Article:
Clearly, every fatality represents a human tragedy and wasteful loss of life. I want to refer to just one: the case of a mother who was killed on the M6 elevated area. The driver pulled over, but the hard shoulder was in use as a dynamic lane where there was no emergency refuge area or exit for 2.5 miles. I would say that that death was preventable.
Cars which break down in a live lane leave occupants fearful whether they can safely exit the vehicle or whether they will be spotted if they remain in it. Highways Agency figures show that it takes on average 17 minutes to reach a vehicle in such circumstances.
A welcome pause came on
I want to take a moment to consider the alternatives, of which there are essentially three. First, I know that many such as the AA would scrap smart motorways and hard-shoulder running lanes and revert to using hard shoulders as they were originally intended, allowing police, ambulance, fire and other emergency vehicles to access injured occupants as quickly as possible. The second option is to increase the number of existing emergency refuge areas so that, in the event of a breakdown, there is more chance of a vehicle reaching the emergency refuge area. Thirdly, we could widen existing carriageways or increase the number of lanes from three to four, albeit they may be narrower.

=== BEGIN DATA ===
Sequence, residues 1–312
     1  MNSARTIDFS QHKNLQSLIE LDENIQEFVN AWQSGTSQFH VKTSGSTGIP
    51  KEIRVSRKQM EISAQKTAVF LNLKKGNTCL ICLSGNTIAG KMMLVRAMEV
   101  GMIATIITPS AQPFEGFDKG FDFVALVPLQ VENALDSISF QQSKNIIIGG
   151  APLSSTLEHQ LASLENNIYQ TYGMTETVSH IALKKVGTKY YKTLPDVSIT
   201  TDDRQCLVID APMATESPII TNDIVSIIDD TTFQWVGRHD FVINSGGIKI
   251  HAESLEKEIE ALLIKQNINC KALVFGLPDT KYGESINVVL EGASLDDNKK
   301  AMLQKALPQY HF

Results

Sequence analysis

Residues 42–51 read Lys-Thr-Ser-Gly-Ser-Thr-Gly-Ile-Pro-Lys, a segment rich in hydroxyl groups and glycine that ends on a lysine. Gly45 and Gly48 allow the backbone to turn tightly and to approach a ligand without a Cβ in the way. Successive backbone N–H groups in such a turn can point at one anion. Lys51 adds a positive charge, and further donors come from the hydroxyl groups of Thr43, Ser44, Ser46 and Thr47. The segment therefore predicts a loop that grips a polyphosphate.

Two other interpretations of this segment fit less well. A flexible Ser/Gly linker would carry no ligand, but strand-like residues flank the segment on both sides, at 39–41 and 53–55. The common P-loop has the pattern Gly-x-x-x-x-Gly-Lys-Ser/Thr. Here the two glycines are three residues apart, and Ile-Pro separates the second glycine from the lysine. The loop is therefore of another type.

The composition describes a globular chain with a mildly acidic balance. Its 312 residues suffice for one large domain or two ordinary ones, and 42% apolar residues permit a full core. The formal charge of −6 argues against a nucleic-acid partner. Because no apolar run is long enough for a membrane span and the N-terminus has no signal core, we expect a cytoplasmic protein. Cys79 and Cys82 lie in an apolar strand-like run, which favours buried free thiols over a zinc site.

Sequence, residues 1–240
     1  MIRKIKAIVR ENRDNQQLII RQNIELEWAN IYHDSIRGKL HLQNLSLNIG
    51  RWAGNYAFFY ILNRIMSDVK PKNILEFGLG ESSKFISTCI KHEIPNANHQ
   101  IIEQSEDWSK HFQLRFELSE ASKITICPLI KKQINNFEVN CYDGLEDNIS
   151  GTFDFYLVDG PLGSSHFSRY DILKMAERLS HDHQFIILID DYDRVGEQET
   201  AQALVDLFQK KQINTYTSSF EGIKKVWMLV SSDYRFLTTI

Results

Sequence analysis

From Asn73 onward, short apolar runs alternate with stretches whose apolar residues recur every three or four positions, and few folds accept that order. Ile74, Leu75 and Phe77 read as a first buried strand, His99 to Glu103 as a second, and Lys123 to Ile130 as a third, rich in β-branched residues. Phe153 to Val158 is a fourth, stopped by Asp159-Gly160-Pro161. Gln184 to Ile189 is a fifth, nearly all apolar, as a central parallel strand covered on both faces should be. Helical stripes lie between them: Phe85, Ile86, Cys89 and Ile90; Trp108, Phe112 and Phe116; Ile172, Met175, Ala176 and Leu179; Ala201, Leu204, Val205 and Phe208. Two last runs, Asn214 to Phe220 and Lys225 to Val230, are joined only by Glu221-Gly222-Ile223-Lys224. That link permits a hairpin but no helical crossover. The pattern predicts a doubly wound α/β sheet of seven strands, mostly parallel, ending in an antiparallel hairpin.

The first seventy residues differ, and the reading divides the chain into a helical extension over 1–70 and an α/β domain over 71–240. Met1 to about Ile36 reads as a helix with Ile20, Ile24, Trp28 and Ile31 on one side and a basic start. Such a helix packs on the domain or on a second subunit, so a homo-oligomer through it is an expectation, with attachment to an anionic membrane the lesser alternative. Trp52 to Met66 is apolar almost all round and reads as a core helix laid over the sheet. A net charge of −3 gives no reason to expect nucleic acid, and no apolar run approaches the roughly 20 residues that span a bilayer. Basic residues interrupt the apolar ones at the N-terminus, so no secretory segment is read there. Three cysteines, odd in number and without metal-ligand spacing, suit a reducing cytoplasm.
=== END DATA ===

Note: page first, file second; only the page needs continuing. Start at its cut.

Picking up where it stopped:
How will such improvements be paid for? While I recognise that hypothecation is not normally permitted, one or two motorways have been seen to benefit recently from hypothecated funding. I urge the Government to consider spending road tax revenues on improving road safety and investing in an alternative infrastructure to smart motorways, thereby making our roads safer.
I want to end with a number of questions for my noble friend the Minister. Does she agree with, and will she have regard to, the words of the national chair of the Police Federation of England and Wales, who has said that smart motorways are inherently dangerous, put lives at risk and are death-traps? No one should know better than the police and other emergency personnel how unsafe smart motorways have turned out to be.
Can the Minister put our minds at rest that cost savings have not been chosen over human life and road safety? Will the Government take this opportunity to reverse the priority and either return the hard shoulder to its original use or increase the width and number of lanes?
As asked in Local Transport Today, is it acceptable that a risk should have consciously been designed into smart motorways in order to deliver the benefits of increased road capacity? Surely the benefits of road capacity must be secondary to the fundamental safety of those using the motorways.
Smart motorways may have been considered as safe as traditional motorways, but that has been proved not to be the case. Even when they were initially piloted, it was known that they could have been safer. It is unacceptable that cost appears to have been chosen over road safety, and what a cost it has been. Now is the time to end the speculation, to end this catastrophic experiment and to put safety first.
Cost and saving money must not trump road safety.